Day 76 66 days to go. Distance today 115km yesterday 115km total 6423km. It’s 7pm Friday 21/9/12 Cliff Head North Rest Area. Welcome to the beautiful Batavia Coast dotted with archepelo islands and reefs that provide its major industry of crayfish and rock lobsters. Wheat and sheep are another primary industry in the inland fields which are lush and stunning. Not to forget it’s tourism hot spots with sandy stretches of beaches idyllic for swimming, surfing and fishing. The reefs are also treacherous and have a history of ship wrecks dating back to the Dutch explorers of the 17th century. The most infamous story is of the ‘Batavia’ shipwrecked in 1629 on the island reefs off Geraldton. While the captain sailed to Batavia (Jakarta) for help there was a mutiny where 125 crew were massacred. The wreck is nowadays one of many popular dive sites. The islands are fished for crays for a three month season in its last weeks now. There were handful of fisherMen already packing up ship with their quota full for the season. The wharf was part of the tour Sue and John took me on this morning to show off their beloved big dot town (35000 pop). Their son in law was a cray fisherman until recent times and they would visit him and their daughter staying on the islands during the season. It was a great opportunity to visit their grandchildren and enjoy the island life not otherwise open to the public. Geraldton is beautiful and interesting as are Sue and John. John is a clever skallywag and Sue is feisty and eloquent. They share a love for mischief, fun and family and have four children, fourteen grandchildren and are endearing folk with hearts of gold. I met them first in the rest area before the WA border and we crossed paths a number of times after that. Their invitation to stay when we came through Geraldton always seemed like such a long way off. Now we’re camped 115km south at Cliff Head along the Indian Ocean Drive. We left highway 1 and its road trains at the turn off and are on the coast road all the way through to Perth yayayayayayay. The weather is so wild windy with cranky clouds and intermittent rain. We cycled through some heavy showers during our afternoon effort but with a gail force tailwind it was a quick albeit rocky ride. Rube and I were pretty relieved to arrive intact as the wind+road train gusts were unnerving. The rest area is right on the ocean beach. We arrived with sunshine and checked out the beachfront and rocky inlets. Its an awesome location but pretty exposed to the wind and patchy rain coming off the ocean. I’ve pitched grasshopper and tucked Rube in behind a camper van and its giving us some relief from the offshore weather. Im now cosy in the grape and there’s more than enough room in the grasshopper to enjoy a comfy evening before bed. Opsy in all the debacle I’ve forgotten to send my spot tracker message so I’ll be back soon….. Sorry family but it was a bit nuts arriving and setting up camp. You wouldn’t believe who’s also here, the elderly couple Helen and Gary who wet met on the 8/8/12 at New Castle Waters Rest Area. Helen spotted us and thought,’here’s another nutter like Maree’ then when she saw it was us she squealed the biggest ‘hello I can’t believe it’s youuuuuu.’ We chatted a bit but it wasn’t weather nice to stop long so I hope to see them in the morning when we wake to blue skies…… Optimism 101.
Rube and I loooooved our stay with Sue and John. The ride into Geraldton was 115km of wicked hills, head wind and flies eeeeek. I almost fell into Sue’s arms with relief when we finally rocked up at 4.30pm. Their home is up on a hill overlooking the ocean so I got to see my first sunset over the west coast big time yay huge delish treat. Just cycling onto the coast was euphoric after our long haul down the inland highway. The ocean has been teasingly close but not close enough to detour by bike. So Rube and I were all smiles when the highway hit the coastline for the last 15km into Geraldton nice nice!! Just before town we were met on the roadside by a fella who saw is in Cararvon and figured out when we’d be cycling into Geraldton where he was staying overnight. He’s a keen mountain biker from perth and had a poweraide drink waiting for us to say ‘hi’ and find out more about our story. Thank you Bill. Enjoy the Mullin Bimby track x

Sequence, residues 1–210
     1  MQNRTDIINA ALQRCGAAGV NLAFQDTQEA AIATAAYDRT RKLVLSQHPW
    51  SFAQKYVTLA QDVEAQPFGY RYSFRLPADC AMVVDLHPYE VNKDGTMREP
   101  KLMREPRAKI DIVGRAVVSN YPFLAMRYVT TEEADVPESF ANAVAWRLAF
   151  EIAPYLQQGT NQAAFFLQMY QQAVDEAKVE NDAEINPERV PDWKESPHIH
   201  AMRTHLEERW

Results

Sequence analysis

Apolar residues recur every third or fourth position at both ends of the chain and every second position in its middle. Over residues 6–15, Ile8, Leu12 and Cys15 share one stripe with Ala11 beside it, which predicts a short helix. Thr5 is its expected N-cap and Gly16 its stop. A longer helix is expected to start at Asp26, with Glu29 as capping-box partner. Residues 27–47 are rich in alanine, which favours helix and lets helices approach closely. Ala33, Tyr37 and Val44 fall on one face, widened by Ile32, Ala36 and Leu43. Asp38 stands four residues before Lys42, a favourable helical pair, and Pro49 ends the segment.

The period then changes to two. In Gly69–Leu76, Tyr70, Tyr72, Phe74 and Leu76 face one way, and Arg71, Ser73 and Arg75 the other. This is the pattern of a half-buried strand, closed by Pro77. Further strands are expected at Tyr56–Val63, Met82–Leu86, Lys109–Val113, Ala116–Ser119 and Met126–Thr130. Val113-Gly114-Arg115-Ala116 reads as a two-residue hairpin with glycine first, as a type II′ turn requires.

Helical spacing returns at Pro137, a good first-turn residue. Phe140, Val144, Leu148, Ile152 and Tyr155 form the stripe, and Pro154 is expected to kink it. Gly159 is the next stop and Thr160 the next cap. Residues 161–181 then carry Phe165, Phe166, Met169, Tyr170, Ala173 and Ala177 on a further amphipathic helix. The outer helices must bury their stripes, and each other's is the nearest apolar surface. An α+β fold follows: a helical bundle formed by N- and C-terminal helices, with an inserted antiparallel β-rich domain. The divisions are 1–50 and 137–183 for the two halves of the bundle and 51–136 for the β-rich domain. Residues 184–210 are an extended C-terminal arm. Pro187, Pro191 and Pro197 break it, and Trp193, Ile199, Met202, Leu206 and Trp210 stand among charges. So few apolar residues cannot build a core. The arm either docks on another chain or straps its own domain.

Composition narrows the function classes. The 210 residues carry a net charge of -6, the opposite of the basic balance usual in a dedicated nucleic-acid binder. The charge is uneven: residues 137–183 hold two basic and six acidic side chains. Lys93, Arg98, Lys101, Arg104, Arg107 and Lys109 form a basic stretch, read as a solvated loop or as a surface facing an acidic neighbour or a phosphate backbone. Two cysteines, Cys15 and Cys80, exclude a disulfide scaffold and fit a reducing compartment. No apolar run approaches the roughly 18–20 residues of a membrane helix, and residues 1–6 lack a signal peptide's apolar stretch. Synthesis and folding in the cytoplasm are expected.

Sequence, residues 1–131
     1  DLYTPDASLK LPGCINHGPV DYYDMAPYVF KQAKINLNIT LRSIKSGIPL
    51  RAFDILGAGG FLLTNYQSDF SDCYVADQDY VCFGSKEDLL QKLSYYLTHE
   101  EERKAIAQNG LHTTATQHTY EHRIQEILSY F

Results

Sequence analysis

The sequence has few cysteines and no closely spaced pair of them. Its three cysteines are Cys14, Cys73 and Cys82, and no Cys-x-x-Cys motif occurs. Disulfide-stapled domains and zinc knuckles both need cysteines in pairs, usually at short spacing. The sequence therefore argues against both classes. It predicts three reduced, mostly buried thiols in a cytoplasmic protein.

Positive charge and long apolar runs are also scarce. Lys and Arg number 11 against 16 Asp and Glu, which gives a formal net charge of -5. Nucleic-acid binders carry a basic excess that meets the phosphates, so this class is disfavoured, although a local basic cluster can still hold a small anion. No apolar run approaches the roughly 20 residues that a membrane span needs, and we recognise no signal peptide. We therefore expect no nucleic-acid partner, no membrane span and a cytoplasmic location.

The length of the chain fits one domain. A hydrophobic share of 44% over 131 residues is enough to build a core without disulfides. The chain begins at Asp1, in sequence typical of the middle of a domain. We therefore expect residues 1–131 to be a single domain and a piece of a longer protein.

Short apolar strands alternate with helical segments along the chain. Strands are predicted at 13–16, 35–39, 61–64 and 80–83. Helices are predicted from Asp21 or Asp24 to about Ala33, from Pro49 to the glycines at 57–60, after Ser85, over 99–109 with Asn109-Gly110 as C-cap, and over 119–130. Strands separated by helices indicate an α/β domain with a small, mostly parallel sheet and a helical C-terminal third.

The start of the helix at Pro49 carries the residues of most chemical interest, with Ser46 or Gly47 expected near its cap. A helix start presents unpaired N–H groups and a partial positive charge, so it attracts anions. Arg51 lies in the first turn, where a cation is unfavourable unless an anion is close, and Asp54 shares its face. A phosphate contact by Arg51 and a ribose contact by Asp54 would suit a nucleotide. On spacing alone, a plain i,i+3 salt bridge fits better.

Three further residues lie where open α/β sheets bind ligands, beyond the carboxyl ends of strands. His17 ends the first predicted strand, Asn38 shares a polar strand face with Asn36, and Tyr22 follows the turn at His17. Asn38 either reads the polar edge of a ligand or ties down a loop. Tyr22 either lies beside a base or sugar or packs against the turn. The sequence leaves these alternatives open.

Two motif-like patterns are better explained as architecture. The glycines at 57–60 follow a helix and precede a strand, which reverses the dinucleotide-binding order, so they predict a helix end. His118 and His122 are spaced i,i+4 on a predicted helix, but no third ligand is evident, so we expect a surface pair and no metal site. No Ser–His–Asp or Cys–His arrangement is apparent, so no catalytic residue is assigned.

Sue and John are local folk who clearly love their home. They were the most gracious, generous and fun hosts and we were spoilt rotten with good company, food and treats. Sue’s sister Pam was also staying with her Jack Russell Nellie. Nellie is a rescue dog from the animal shelter with one eye. She scored half of Pam’s chicken parmagana and are mutually each other’s best friend darling sweet duo. After cleaning up and phone chats with my family, we shared an awesome evening of wining and dining and good conversation. The topic of the indigenous culture came up again. I’m so drawn to our challenge to unite the cross cultural health of our one country. Sue showed off some of her favorite photos and places they’ve visited in their three month trip. It wasn’t long before we were all ready for bed yessssss a bed……. with a doona and two fluffy pillows and everything!!!! zzzzzzzzzzzzzzzzzzzzz and more zzzzzzzzzzzzz and even more delish zzzzzzzzzzzzzzzz. Sue woke me up at 7am which was so yummy o’clock after our early rises for yonks. We breakied and headed off for a tour of the town and a spot of shopping. We checked out the beaches and headlands, the harbor and wharf and the memorial ontop a headland overlooking the ocean. The architects from Perth who designed it did an amazing job. It’s unique and clever and appropriately beautiful. It honors the history and lives lost on the HMS Sydney 11 sunk by a german ship during WW11 and killing all 365 on board. The features of the memorial include a dome designed with the silhouette of seagulls equalling the number of lives lost. The designer was inspired when he stood at the location and a flock of seagulls flew over. There’s an obelisk replica of the ship bow equal in height with the Australian flag hoisted. There’s also a brass statue of a woman looking mournfully out to sea hoping for the ship’s return. When the memorial was erected they hadn’t as yet located the wreckage. In recent times when the sunken ship was finally located, another water pool was built using the seagull theme with a backdrop of the coastline map. John did the lighting for the fountain when he was a member of the International Rotary Group responsible for it’s construction. Pam headed off this morning with Lillie back to her home town of Dongara but not before donating $10 thank you darling heart. She left without her handbag and Sue later caught up with me on the highway so I could drop it off to her when we cycled through. Dongara’s 65km south of Geraldton and it was the least I could do to help out this gorgeous family. They waved us off after lunch and made us promise to come back to visit proper before they’re using walking frames. How could I refuse and why would I want to 🙂 As I’ve said before we’ve only just had a taste and will definitely be back for a decent check out of WA’s treasures. Thank you Sue and John for what’s been a highlight of our trip meeting you both. I must say that the grasshopper is the best comfy beach cave out of the wild night weather. It’s time to find some yummy treats for dinner and enjoy going to sleep with the sound of the ocean. $1850.85 cash donations Talk soon x